By Megan Poinski
Agreeing with judges themselves and the Maryland Bar Association, the Judicial Compensation Commission vowed to recommend that the General Assembly give the state’s judges a raise.
At their meeting Wednesday evening, members did not have any formal proposals for these raises. After hearing judges’ pleas for more money, however, their minds were made up.
“We cannot continue to let our judiciary fall behind,” said commission member Annette Funn.
When their salaries are adjusted for cost of living, Maryland trial court judges’ pay ranks 43rd in the nation. Members of the judiciary received their last raise in 2008. In 2009, the Judicial Compensation Commission recommended an across-the-board $39,858 raise phased in over four years for all judges, but the General Assembly did not enact it.
On Wednesday, several judges told commission members – who are charged with making recommendations to the legislature for salary and pension changes for the judicial branch – that the low salaries are out of step with the prestige of their positions.
Life changing decisions
“We are the ones who make the life changing decisions that can send someone to jail for the rest of their lives,” said Judge Marcella Holland, the chair of the Conference of Circuit Judges, who serves on the Baltimore City Circuit Court.
Not only do they make life-altering decisions in criminal cases, Holland said, but Circuit Court judges also make big differences to ordinary people through civil cases and family disputes.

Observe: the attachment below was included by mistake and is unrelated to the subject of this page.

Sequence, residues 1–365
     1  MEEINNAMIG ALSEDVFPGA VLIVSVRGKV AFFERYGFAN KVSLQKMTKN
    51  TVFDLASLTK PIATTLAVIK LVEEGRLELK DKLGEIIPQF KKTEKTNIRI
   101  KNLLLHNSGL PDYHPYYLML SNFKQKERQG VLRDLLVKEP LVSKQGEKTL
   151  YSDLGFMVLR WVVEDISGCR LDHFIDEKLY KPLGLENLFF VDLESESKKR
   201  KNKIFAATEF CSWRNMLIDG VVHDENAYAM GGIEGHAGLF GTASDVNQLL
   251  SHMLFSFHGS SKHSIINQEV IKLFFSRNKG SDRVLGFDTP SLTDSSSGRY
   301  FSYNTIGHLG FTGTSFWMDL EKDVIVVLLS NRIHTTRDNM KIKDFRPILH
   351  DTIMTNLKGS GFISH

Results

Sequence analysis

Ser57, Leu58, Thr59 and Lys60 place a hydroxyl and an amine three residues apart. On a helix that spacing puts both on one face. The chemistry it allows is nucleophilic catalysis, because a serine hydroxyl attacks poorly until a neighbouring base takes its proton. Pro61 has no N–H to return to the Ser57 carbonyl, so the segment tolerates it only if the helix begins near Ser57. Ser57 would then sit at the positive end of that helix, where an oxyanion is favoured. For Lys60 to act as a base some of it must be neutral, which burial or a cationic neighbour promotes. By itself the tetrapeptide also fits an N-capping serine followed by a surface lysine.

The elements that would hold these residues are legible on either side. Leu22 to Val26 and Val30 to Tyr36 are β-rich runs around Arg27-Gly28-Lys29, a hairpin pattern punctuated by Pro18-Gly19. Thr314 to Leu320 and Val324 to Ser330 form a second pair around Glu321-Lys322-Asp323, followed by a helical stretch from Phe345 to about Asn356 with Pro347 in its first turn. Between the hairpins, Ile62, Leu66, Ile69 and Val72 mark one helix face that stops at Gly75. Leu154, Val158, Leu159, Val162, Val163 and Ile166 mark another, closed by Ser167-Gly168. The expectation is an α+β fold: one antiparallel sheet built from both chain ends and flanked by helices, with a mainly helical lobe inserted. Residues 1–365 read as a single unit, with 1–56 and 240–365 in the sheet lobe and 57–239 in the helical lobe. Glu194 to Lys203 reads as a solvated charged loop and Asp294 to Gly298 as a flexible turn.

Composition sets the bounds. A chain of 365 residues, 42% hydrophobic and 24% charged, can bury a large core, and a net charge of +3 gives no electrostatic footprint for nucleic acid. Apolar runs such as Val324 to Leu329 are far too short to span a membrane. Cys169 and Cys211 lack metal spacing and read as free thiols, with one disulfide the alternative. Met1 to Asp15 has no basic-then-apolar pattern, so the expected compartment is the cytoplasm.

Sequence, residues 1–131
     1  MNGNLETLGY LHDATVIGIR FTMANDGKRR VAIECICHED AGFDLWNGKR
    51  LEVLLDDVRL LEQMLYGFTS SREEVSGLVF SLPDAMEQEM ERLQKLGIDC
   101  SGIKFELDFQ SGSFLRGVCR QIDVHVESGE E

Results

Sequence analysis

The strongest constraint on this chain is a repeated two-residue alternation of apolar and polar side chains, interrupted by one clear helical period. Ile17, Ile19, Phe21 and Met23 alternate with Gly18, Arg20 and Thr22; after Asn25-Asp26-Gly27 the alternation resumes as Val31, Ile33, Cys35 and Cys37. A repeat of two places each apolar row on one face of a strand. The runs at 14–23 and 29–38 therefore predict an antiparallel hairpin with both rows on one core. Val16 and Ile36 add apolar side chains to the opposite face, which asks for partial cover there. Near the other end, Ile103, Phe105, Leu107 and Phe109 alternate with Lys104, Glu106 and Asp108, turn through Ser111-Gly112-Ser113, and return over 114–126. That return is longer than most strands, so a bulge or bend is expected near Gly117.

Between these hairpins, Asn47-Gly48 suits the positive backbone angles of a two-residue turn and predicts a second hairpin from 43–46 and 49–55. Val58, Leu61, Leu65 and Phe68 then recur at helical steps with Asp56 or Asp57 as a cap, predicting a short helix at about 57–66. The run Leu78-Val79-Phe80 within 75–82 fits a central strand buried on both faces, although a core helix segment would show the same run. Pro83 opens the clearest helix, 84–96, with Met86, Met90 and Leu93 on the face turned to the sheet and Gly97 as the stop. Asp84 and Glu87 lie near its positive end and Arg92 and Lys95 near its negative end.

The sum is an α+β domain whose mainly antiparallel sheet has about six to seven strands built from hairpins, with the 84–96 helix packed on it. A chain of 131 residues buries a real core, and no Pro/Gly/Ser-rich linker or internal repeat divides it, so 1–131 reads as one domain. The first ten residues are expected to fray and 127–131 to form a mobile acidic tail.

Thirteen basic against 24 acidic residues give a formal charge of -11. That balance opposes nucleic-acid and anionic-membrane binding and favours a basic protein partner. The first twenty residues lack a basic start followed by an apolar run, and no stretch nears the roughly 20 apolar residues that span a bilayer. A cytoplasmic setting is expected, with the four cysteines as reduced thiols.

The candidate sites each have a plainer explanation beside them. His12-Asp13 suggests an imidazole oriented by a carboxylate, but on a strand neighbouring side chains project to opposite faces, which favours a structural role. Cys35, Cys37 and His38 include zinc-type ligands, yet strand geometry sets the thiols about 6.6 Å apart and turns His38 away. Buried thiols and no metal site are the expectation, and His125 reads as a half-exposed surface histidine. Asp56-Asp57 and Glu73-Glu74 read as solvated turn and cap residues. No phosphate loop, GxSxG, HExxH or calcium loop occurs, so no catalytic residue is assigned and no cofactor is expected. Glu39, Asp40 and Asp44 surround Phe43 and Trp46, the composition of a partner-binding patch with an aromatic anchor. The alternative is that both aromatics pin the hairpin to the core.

But Holland said that judges are more than just umpires who call balls and strikes. They also get involved to make the judicial system more responsive and more fair – Holland said it’s like writing the rules of the game as it goes along. Judges try new initiatives, like alternative dispute resolutions, to try and improve the way that the courts operate. And whenever the court is handed a new initiative by the General Assembly or the current economic situation – which has flooded dockets with foreclosure cases – Holland said judges gladly shoulder the new burden.
Chipping away at independence
Judge Ben Clyburn, chief judge of the District Court, said that failure to increase judicial salaries is “chipping away at the independence of the third branch of government, both on the operational side and the capital side. Once you chip it away, you can’t get it back.”
Although Clyburn loves his job, he said he is thinking about retiring at age 60 – when the law allows judicial retirement – because the low pay is demoralizing. There are young associate lawyers working at some of the state’s bigger law firms who left judicial clerkships to get salaries larger than what the judges are making, Clyburn said.
“The stagnation of our salaries devalues what we do,” Clyburn said. “It sends the wrong message.”
He added that the judiciary always needs to attract the best and the brightest lawyers to seek spots on the bench. With consistently low salaries, Clyburn said it is nearly impossible to attract successful private attorneys – who are well-rounded and have the diverse experience needed to be a good judge – to leave their litigating jobs behind to earn a tiny fraction of their salaries.
Can’t afford to retire
Court of Appeals Judge Clayton Greene Jr., who chairs the judiciary’s own compensation committee and turned 60 this year, said that he cannot afford to retire even though he’s been on the bench for 24 years. Clearly, he said, the state’s judicial salaries have failed miserably in staying competitive and keeping up with inflation.
Clyburn said that the courts do bring in quite a lot of money – nearly $87 million going to the general fund in fiscal year 2011 through District Court alone, according to figures passed out at the meeting.
“We bring in tons of money. Compared to the lottery, we bring it in,” Clyburn said. “And we don’t bring in false hopes. We bring justice.”
The Judicial Compensation Commission will meet again next month to work on detailed proposals.